The pressure is mounting quickly for the president to respond – and respond forcefully – to Russia’s move into Ukraine.


WASHINGTON – As Russia dispatched more forces and tightened its grip on the Crimean Peninsula on Sunday, President Obama embarked on a strategy intended to isolate Moscow and prevent it from seizing more Ukrainian territory even as he was pressured at home to respond more forcefully.

Working the telephone from the Oval Office, Obama rallied allies, dispatched Secretary of State John Kerry to Kiev and approved a series of diplomatic and economic moves intended to “make it hurt,” as one administration official put it. But the president found himself besieged by advice to take more assertive action.

“Create a democratic noose around Putin’s Russia,” urged Sen. Lindsey Graham, R-S.C. “Revisit the missile defense shield,” suggested Sen. Marco Rubio, R-Fla. “Cancel Sochi,” argued Rep. Mike Rogers, R-Mich., who leads the Intelligence Committee, referring to the Group of 8 summit meeting to be hosted by President Vladimir Putin. Kick “him out of the G-8” altogether, said Sen. Richard J. Durbin of Illinois, the Democratic whip.

The Russian occupation of Crimea has challenged Obama as has no other international crisis, and at its heart, the advice seemed to pose the same question: Is Obama tough enough to take on the former KGB colonel in the Kremlin?

Obama came to office with little foreign-policy experience and has been repeatedly tested by the challenges of a new world in which the main threats are Islamic extremism and civil war. While ramping up targeted drone strikes and initially building up forces in Afghanistan, he has made it his mission to pull out of two long wars and keep out of any new ones.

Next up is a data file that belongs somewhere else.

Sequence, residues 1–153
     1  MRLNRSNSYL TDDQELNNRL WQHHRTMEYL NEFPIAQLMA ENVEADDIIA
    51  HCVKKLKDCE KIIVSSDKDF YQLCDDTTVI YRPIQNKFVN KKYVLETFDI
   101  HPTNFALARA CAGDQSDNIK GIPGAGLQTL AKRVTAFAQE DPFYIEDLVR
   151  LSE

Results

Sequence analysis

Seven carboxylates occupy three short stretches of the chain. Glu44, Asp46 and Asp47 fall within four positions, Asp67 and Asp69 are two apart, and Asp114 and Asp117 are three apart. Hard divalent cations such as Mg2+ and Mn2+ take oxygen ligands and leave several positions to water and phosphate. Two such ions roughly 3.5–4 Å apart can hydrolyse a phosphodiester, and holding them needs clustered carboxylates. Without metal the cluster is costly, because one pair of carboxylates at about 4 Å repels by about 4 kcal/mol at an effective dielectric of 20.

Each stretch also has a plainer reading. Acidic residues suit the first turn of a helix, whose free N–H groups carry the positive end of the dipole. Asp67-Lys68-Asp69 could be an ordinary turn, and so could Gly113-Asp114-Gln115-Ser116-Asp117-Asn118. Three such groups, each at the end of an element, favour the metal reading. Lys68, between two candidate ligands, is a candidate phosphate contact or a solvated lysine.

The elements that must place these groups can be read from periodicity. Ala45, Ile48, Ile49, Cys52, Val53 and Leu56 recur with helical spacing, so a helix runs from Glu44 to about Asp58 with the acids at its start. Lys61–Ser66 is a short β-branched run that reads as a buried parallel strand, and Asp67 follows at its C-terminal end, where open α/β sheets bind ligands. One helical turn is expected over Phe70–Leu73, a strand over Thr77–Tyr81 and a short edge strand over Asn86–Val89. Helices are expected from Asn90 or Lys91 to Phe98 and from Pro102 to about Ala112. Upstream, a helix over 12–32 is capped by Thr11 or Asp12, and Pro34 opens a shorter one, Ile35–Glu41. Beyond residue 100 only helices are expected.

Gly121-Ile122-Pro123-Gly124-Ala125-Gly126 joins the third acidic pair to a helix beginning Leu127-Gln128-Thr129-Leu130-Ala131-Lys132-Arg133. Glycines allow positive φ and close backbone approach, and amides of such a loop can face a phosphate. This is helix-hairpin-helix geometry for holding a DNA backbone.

But the limits of his influence have been driven home in recent weeks, with Syria’s pressing its civil war and Afghanistan’s refusing to sign an agreement for residual forces. Now the Crimea crisis has presented him with an elemental threat much like the one that confronted his predecessors for four decades: a geopolitical struggle in the middle of Europe. First, the pro-Russian government in Kiev, now deposed, defied his warnings not to shoot protesters, and now Putin has ignored his admonitions to stay out of Ukraine.

Caught off guard, Obama is left to play catch-up while Putin establishes reality on the ground. With 6,000 Russian troops being reinforced on Sunday by thousands more, Putin effectively severed the peninsula, with its largely Russian-speaking population, from the rest of Ukraine.

In Kiev on Sunday, Ukraine’s besieged interim government raced to head off violence, recruiting wealthy eastern businessmen to become provincial governors. The strategy is recognition that the oligarchs represent the country’s industrial and business elite and hold great influence over thousands of workers in the east.

Officials said the hope was that they could dampen secessionist hopes in the east and keep violent outbreaks – like fighting between pro-Western and pro-Russian protesters in Kharkiv that put at least 100 people in the hospital Saturday – from providing a rationale for a full Russian invasion.